Andrea Lorenzo Capussela led the economic and fiscal affairs office of Kosovo’s supervisor, the International Civilian Office, and is the author of State-Building in Kosovo: Democracy, Corruption, and the EU in the Balkans (I.B. Tauris, 2015), and of The Political Economy of Italy’s Decline (Oxford University Press, 2018). He tweets @AndreaCapussela
The crisis of Kosovo is three decades old. Its independence, declared in 2008, did not solve it. Kosovo is recognised by neither the UN, the EU, nor by a wide minority of the states of the world, which includes China, India, Indonesia, Russia, and many states that host separatist or restive minorities, such as Spain. Mutual distrust still divides Kosovo’s dominant Albanian majority from its small Serb minority. And its authorities have gained hardly any control over the northern part of its territory, adjacent to Serbia, which is inhabited predominantly by Serbs who rejected its independence and live in near-complete separation from the rest of the country.
Since 2008, therefore, EU foreign policy has devoted most of its energies to settling these problems through negotiations between Kosovo and Serbia. Particularly difficult is the ‘question of the north’, which closely replicates the question of Kosovo as it stood before its independence. The two heads of state are now considering a comprehensive agreement. All or part of north Kosovo would be ‘given’ to Serbia, in exchange for all or part of Serbia’s remaining Albanian-majority lands, which are contiguous to Kosovo. In parallel, Serbia would accept Kosovo’s independence and open to it the path to full international recognition.
The idea was floated a few weeks ago. Both parliamentary oppositions, the Serbian Orthodox Church, and much of Kosovo’s public opinion spoke firmly against it, as did most analysts (e.g., in a previous EUROPP article I agree with; some rare favourable opinions are available here and here). Berlin declared border changes unacceptable, and even Kosovo’s governing majority seemed divided. Brussels remained conspicuously silent, however, and on 24 August Washington declared itself ready to accept the land swap. During a public debate, on the following day the two presidents suggested that the deal is imminent.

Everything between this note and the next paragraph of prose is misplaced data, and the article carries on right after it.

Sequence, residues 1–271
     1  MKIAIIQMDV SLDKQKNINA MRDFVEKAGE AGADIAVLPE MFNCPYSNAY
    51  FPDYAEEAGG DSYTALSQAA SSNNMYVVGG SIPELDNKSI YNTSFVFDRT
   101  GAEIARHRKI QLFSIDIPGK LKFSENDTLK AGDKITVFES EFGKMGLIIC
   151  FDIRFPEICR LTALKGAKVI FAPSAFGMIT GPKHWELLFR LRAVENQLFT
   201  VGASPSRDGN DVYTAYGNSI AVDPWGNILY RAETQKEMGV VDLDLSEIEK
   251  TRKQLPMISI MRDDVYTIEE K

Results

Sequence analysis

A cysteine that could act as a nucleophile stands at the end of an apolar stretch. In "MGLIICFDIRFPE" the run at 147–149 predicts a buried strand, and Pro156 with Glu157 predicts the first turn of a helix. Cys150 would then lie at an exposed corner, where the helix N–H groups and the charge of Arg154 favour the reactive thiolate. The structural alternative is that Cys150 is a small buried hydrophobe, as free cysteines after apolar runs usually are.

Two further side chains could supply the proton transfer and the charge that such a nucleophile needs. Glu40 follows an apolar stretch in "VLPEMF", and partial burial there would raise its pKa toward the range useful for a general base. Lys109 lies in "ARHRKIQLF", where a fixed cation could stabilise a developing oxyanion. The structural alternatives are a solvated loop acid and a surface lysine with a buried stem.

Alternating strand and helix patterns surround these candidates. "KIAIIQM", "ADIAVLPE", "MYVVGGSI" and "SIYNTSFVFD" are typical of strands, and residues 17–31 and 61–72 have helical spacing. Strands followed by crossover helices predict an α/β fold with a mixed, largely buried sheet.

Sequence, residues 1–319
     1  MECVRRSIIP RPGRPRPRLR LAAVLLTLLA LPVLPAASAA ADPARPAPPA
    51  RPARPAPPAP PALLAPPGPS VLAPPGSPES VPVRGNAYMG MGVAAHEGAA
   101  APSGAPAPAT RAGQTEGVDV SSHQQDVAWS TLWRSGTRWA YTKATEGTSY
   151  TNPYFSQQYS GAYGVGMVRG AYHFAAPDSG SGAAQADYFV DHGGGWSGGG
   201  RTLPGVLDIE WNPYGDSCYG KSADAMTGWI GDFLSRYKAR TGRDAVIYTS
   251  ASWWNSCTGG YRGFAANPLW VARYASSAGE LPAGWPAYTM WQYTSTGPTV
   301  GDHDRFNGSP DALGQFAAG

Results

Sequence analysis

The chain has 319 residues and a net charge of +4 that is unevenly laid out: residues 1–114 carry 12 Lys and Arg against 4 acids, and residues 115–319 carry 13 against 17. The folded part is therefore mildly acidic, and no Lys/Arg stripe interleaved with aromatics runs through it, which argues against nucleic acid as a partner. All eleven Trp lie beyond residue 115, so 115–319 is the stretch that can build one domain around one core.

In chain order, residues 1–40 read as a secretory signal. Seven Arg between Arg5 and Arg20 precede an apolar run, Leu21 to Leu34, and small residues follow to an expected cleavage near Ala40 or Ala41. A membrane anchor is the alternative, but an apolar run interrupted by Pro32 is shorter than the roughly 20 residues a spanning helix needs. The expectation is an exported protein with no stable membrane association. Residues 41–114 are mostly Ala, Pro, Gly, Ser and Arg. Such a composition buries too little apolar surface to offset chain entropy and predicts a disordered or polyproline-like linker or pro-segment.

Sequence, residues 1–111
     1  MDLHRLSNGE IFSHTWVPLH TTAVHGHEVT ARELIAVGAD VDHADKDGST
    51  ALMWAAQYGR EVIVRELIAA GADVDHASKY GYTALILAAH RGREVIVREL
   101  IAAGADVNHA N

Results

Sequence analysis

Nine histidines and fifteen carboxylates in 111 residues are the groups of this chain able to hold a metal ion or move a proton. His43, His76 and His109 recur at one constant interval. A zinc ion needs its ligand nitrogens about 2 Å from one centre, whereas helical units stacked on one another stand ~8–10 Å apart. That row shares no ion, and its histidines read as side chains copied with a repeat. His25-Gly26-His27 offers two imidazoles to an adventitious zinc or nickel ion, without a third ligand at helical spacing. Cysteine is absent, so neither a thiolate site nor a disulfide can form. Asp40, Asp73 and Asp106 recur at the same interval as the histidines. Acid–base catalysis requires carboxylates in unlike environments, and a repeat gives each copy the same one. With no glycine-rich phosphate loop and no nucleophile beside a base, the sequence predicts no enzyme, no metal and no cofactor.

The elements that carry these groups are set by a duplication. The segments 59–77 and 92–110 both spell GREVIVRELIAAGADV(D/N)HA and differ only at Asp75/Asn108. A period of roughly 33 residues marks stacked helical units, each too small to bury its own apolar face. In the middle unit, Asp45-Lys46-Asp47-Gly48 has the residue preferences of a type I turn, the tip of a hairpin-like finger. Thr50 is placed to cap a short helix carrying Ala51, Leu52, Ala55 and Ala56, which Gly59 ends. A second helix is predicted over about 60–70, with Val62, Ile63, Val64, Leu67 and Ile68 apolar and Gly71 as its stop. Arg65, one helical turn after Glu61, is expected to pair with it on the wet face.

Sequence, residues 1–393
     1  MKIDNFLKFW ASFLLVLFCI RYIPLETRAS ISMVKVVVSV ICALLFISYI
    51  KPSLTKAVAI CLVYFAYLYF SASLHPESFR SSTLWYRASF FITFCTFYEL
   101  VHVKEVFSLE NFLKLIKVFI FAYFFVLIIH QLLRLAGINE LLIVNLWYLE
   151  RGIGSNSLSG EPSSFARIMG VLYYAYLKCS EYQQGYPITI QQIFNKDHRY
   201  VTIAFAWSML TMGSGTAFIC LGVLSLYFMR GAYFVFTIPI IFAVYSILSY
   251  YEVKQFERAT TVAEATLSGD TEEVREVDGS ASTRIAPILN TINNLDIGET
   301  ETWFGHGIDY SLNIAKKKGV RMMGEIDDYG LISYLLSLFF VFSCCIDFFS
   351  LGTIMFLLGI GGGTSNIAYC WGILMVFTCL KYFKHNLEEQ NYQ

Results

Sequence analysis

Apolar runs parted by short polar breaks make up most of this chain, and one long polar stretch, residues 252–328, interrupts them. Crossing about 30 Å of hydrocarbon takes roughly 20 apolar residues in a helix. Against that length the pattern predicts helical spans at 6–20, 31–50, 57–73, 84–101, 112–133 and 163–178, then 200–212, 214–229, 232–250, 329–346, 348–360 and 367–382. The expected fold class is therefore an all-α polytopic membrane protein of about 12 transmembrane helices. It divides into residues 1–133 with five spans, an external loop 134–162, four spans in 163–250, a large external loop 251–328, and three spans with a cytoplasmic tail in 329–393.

Most objections raised against it are convincing. Border changes are usually dangerous, especially if the motivation is an ethnic one, and this is particularly true in the Balkans, where some states remain fragile. But both sides of the debate seem to forget that ethnicity-based border change has one clear precedent in that region, one which the main western powers engineered and many analysts firmly backed.
I refer to Kosovo, naturally, which broke away from Serbia for a motivation – which is the obverse of the atrocious repression of Kosovo’s Albanians by the Milosevic regime – that can safely be described as an ethnic one. The 2007 report of the UN mediator for the Kosovo crisis is quite frank – perhaps unwittingly so, in retrospect – on this last point:
A history of enmity and mistrust has long antagonised the relationship between Kosovo Albanians and Serbs… For the past eight years, Kosovo and Serbia have been governed in complete separation [for in 1999 Kosovo was placed under a UN protectorate]… This is a reality one cannot deny; it is irreversible. A return of Serbian rule over Kosovo would not be acceptable to the overwhelming majority of the people of Kosovo [Albanians then represented about 90 per cent of the population]. Belgrade could not regain its authority without provoking violent opposition.
No matter how wide the autonomy granted to it may be, the mediator concludes, keeping Kosovo within the borders of Serbia is ‘simply not tenable’. This, next to their own broader political objectives, explains why in 2008 the main Western powers chose to carve out an exception from their allegiance to the principle of the territorial integrity of states, the authority of the UN, and the civic conception of citizenship, and allowed Kosovo to terminate the UN protectorate and secede from Serbia without either Belgrade’s or the Security Council’s consent.